August 25, 2020
Once it became very clear that COVID-19 was going to affect weddings for the foreseeable future, the first thing I did was was I went out and got equipment to live stream wedding ceremonies. At the time, since we didn’t know how long things would be different (and honestly…I am still wondering), I thought a lot of couples could want this as a way to include their full guest list if the number of people allowed in person would be different. So in this episode, I walk you through some of the main considerations of live streaming a wedding ceremony. What sort of equipment do you need? How will anyone hear and see people? And where will people view it? I also break down my approach as well as give you tips on how to do it yourself! Watch new episodes of “Say Yes to the Best” every Tuesday here on YouTube! Connect with the show: E-mail: firstname.lastname@example.org Website: https://pgpweddings.com/ Facebook: facebook.com/pgpweddings Instagram: instagram.com/pgpweddings
Things to think about with live streaming:
- What camera? Using a camera other than your phone definitely causes some challenges when trying to live stream. The first is you have to be able to have the right hardware that can plug into your camera. We’ve invested in a Sling Studio, which gives us the option to switch cameras (more on that later) and audio options. But if you only have one DSLR or mirrorless camera at your disposal, a video capture card (the most popular being an Elgato CamLink) will let you use your camera as a “webcam” so that you can stream to Zoom, YouTube, Facebook, and more with the ability to zoom in.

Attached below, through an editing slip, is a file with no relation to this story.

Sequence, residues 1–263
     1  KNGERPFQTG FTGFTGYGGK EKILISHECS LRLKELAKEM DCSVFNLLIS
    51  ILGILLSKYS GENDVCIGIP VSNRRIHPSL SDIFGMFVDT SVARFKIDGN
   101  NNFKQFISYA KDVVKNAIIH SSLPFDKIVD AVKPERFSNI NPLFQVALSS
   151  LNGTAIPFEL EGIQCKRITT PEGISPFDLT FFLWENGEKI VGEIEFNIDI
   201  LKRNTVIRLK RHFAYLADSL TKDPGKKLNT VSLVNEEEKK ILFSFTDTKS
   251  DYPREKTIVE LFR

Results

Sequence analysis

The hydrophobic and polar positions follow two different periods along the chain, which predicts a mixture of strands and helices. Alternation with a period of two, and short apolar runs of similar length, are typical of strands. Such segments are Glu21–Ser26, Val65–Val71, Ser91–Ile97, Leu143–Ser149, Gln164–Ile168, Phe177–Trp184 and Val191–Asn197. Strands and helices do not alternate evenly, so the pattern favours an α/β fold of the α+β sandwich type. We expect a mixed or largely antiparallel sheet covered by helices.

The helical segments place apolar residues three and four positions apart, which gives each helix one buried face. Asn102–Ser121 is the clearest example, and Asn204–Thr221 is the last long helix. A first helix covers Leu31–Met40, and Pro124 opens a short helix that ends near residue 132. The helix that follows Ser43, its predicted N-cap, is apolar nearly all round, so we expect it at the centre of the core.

- Audio – Audio is the most important thing that’s going to separate you having a friend use their phone versus something that is going to be enjoyable for your friends and family at home. Whether you are utilizing your phone or a professional camera with the setup above, you can plug a microphone in to get some clearer audio. I recommend the Rode Wireless GO, as it will be able to work with any camera with a microphone port. If you only have one microphone, I’d definitely try to put it on the officiant, as they typically do the majority of the talking, and usually are in close proximity to the couple as they are giving their vows. When we’ve done this, I still put more microphones on people for our edited films, but having one microphone to capture as much as possible will really help.
- How will it be presented to your audience? So, I’m not going to get into what platform will work the best – I think that’s personal preference and at this point I’ve personally utilized YouTube only. But what I want to talk about is how you are going to present the wedding day to your audience. Going through and putting a professional camera and thinking about audio, you don’t want your camera to just sit in the back of the church and you’re little dots on the screen, because at that point, what’s the point of not just using your phone? If you are able to use a dedicated camera, I would potentially find someone who can either move the camera closer after the procession in, or can zoom the camera lens in closer to the action if you have that option. For us, that’s one of the reasons we go with a Sling Studio, as it allows us to utilize more than one camera, and all the different audio sources running into those cameras. That way, we can switch to different shots depending on what is going on during each part of the ceremony!